On 14 Feb, 2018, senior anchor at Aaj Tak Anjana Om Kashyap began her programme Halla Bol by saying, “Yeh aaj ki sadi ka Hindustan hai, ek 18 saal ki ladki raato raat puri duniya mein chha gai, deewangi ka asar ye hota hai ki karoro log video share kar lete hain. Lekin iss bich kuch logo ko ye gawara nahin aur woh iske khilaf police shikayat kar lete hain, chetavni jari kar dete hain, baat kar rahe hain Priya Varrier ki jiske baare mein kuch maulanao ko ye apatti hai ki uske gaane se islam ka apmaan hua hai. Maulana Qadri ye keh rahe hain ki jaw woh namaz ke liye aakhen bandh karte hain toh unhe Priya Varrier dikh rahi hain” (An 18 year old girl becomes an overnight global sensation and millions of people have shared her video. But some do not accept this and they have lodged a police complaint. We are talking about Priya Varrier who has been opposed by some Maulanas who say her song is an insult to Islam. Maulana Qadri has said that when he shuts his eyes for prayer, he sees Priya Varrier)
As it happens, a tweet by a parody account has been viral all day and multiple people have fallen for it. The entire one-minute introduction to Aaj Tak’s evening programme was based on this tweet which at the time of writing had been tweeted over 2000 times.
Just In : After the viral video of Priya Prakash Varrier, Whenever we or our fellow Muslim Brothers closed our eyes to offer Namaz, instead of Allah, her face would appear, which is hurting our sentiments, hence we issued a fatwa against her.”
– Maulana Atif Qadri (File Pic) pic.twitter.com/YOksBNt8S0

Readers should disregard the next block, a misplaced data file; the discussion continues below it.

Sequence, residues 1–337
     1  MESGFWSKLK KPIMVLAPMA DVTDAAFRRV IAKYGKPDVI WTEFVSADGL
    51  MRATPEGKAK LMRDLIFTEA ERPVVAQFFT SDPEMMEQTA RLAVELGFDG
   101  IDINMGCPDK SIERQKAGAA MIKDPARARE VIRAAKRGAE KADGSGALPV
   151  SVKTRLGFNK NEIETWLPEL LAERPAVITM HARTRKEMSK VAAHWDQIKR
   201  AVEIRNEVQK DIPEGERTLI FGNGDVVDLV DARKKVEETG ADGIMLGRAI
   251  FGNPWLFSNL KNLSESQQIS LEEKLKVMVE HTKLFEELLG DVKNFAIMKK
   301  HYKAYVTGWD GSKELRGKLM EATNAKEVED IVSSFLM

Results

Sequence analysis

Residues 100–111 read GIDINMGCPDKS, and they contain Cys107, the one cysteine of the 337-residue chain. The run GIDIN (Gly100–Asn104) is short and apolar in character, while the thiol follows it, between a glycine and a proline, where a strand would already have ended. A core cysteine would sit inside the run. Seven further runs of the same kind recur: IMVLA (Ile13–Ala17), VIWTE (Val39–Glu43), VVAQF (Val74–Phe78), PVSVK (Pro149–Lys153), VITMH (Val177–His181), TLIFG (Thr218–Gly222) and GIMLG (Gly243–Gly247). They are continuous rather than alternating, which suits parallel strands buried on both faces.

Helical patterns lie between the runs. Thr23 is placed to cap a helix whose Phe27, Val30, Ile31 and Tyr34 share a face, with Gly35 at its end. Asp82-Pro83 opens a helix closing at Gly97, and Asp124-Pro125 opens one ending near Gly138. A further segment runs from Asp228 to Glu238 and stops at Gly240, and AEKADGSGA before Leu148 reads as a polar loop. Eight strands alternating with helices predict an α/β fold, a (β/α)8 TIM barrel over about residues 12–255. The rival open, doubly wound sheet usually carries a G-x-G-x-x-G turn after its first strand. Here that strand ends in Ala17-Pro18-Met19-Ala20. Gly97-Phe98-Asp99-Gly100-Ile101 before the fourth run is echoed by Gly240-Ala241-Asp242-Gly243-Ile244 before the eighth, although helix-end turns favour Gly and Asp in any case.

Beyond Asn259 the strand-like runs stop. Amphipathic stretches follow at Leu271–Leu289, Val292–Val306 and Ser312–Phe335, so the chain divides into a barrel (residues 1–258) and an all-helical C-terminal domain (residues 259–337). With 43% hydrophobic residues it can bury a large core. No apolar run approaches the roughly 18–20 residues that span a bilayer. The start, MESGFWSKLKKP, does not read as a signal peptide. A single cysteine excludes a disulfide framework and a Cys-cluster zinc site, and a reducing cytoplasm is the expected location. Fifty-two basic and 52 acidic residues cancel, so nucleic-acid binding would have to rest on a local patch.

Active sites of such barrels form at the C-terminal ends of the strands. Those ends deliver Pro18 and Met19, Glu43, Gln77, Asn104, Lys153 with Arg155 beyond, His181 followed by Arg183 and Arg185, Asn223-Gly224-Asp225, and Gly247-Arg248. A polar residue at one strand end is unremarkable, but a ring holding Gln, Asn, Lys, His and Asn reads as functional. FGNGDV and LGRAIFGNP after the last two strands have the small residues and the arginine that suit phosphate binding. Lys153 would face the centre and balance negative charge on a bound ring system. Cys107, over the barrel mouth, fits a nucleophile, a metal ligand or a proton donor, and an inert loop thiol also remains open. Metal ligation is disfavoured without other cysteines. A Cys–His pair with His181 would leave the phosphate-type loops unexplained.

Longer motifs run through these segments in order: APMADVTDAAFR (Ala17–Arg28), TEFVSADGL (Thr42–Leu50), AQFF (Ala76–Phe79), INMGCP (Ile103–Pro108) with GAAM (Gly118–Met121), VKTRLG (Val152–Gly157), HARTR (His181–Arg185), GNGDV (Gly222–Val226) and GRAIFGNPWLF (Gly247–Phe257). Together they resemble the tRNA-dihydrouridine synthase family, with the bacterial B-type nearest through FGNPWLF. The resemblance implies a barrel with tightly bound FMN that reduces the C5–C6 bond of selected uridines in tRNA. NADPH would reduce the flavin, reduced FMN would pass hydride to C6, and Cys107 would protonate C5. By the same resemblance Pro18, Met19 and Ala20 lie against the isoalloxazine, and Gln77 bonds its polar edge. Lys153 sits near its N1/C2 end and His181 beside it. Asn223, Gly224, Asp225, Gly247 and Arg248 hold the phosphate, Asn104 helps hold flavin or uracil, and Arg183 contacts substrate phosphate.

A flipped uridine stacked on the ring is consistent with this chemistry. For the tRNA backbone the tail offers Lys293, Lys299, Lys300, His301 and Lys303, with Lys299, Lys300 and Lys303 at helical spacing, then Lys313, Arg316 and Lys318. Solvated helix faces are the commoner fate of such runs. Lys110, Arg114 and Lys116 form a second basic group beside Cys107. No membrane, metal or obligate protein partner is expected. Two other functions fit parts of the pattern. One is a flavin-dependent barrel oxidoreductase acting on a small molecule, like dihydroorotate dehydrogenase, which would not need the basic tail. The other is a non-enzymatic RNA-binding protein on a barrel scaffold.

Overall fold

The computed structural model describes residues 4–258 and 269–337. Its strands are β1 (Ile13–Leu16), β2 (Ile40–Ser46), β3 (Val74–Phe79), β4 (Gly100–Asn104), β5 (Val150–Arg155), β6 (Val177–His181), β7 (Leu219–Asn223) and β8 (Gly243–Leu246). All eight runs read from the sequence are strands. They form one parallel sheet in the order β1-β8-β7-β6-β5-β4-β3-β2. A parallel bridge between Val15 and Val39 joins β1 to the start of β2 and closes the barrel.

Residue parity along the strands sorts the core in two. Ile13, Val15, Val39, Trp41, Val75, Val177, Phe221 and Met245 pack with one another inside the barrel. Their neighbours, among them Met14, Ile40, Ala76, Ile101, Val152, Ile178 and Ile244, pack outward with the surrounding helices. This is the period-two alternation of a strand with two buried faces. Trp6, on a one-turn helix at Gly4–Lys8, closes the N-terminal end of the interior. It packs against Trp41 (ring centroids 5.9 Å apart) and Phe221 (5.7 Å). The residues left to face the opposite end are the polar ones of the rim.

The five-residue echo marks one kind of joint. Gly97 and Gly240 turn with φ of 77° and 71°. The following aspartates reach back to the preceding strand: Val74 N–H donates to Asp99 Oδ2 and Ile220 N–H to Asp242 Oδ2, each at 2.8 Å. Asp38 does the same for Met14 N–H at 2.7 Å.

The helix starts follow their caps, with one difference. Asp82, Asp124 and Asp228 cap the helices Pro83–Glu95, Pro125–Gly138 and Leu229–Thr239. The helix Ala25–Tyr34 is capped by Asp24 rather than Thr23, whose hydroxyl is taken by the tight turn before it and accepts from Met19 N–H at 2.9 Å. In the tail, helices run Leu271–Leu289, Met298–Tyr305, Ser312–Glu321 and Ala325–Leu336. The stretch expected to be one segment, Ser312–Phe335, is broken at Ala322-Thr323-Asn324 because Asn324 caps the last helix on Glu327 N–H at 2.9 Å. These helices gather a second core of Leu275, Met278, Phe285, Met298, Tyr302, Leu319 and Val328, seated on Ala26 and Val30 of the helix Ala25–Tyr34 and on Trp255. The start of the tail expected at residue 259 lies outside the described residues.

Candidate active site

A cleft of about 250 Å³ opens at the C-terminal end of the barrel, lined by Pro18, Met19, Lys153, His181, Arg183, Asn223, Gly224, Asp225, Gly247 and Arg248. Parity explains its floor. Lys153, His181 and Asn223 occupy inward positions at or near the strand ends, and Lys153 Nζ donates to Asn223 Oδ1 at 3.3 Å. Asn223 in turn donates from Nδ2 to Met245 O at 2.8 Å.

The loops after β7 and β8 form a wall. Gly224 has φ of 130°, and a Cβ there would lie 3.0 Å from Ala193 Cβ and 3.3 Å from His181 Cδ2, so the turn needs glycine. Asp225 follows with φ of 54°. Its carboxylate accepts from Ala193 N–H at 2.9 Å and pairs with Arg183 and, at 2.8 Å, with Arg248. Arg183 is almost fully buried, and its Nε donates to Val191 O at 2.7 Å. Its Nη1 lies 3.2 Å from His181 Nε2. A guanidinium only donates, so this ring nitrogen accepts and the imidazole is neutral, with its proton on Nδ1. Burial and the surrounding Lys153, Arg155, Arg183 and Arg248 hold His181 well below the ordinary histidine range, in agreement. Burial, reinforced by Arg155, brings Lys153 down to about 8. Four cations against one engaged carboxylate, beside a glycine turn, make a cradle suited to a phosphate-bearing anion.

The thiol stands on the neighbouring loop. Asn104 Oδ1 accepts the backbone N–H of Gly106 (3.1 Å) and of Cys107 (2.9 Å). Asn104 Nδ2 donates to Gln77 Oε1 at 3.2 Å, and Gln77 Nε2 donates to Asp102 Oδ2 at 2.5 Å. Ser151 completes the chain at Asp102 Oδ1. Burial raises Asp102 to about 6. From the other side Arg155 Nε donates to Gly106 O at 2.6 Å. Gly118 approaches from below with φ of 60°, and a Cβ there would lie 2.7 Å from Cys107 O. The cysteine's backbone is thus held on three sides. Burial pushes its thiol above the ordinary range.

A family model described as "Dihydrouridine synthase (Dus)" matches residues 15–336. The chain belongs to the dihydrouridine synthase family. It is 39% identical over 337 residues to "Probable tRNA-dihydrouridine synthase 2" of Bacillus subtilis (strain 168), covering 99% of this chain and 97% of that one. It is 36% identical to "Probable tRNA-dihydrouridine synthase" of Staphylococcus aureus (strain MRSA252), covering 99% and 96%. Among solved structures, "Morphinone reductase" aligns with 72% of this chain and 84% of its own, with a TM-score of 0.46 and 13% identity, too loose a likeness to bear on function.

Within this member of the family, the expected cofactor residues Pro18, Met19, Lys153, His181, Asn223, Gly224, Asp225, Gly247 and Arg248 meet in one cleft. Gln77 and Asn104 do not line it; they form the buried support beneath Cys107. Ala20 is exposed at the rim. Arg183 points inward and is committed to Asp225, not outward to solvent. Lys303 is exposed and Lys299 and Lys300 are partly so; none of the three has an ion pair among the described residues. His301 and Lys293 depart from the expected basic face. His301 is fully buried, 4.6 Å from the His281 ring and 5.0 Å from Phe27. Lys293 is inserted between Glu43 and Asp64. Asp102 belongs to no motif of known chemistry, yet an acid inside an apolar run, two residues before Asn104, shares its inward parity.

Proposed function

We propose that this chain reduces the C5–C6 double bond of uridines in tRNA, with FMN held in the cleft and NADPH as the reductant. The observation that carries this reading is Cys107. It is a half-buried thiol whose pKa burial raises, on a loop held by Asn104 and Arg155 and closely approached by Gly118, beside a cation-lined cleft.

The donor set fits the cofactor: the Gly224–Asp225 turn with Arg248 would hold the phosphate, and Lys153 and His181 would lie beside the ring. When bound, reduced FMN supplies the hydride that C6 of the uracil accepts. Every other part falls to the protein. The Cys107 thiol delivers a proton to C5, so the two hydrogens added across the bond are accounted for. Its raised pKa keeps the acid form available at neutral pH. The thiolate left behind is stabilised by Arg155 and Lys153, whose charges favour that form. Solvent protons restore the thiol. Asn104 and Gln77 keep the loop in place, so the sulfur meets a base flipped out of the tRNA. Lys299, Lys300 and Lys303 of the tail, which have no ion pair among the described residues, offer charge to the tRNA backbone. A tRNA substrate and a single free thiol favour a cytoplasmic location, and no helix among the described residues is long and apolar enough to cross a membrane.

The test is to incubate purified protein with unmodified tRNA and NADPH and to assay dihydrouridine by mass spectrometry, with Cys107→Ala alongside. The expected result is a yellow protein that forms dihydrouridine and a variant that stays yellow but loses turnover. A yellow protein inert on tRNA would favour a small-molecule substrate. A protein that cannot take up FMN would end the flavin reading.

— TIMES HOW (@TiimesHow) February 14, 2018
The quote which was attributed to Maulana Qadri made him the punching bag for both mainstream and social media. So, did he really issue a fatwa against Varrier and did he really say those words? Look closely at the tweet. The tweet is not from the Times Now official handle but Tiimes How (T-I-I-M-E-S H-O-W), a parody account. The account in its biography clearly states that it is a parody/satire account. However, a morphed logo of Times Now that the account uses fooled a large number of people who took the tweet to be real. This is not the first time this has happened. A few days back, Madhu Kishwar had fallen prey to a tweet by this account assuming it to be real. The below screengrab shows the difference in the logos between the real account on the left and the parody account on the right. Moreover, the official Times Now account is a verified account with a blue tick.
Indiatimes.com which is an Internet subsidiary of The Times of India Group also took the bait. In an article on the Indiatimes website, it published the tweet which quoted the Maulana and reported that a complaint had been filed against Varrier for hurting religious sentiments through the song.
Not just mainstream media but even social media fell for the tweet. Users widely tweeted and shared the screenshot of the tweet on various platforms.
So, was a fatwa issued as reported by the media? No, but a complaint was lodged at the Falaknama police station in Hyderabad by some Muslim youth who alleged that Varrier through her expressions had hurt their sentiments. They also claimed that the lyrics of the song were an insult to Islam as they referred to the life of the Prophet.
In response to criticism over the termination of the contract of one of its senior employees on 13 Feb, 2018, the India Today media group in its defence had stated that the organisation adheres to a ‘gold standard of journalism’. India Today’s avowed commitment to the core principles of reporting came under the scanner the very next day, when it broadcast the above programme on Aaj Tak.
For a news organisation which claims to follow a ‘gold standard of credible journalism’ while at the same time terminating the services of an employee allegedly over a tweet, a tweet from a parody account which had no basis in reality was picked up by Aaj Tak and construed as truth in its urge to garner eyeballs and TRPs. Aaj Tak’s skullduggery only reinforces the media house’s penchant for compromising with facts in the pursuit of sensationalism.
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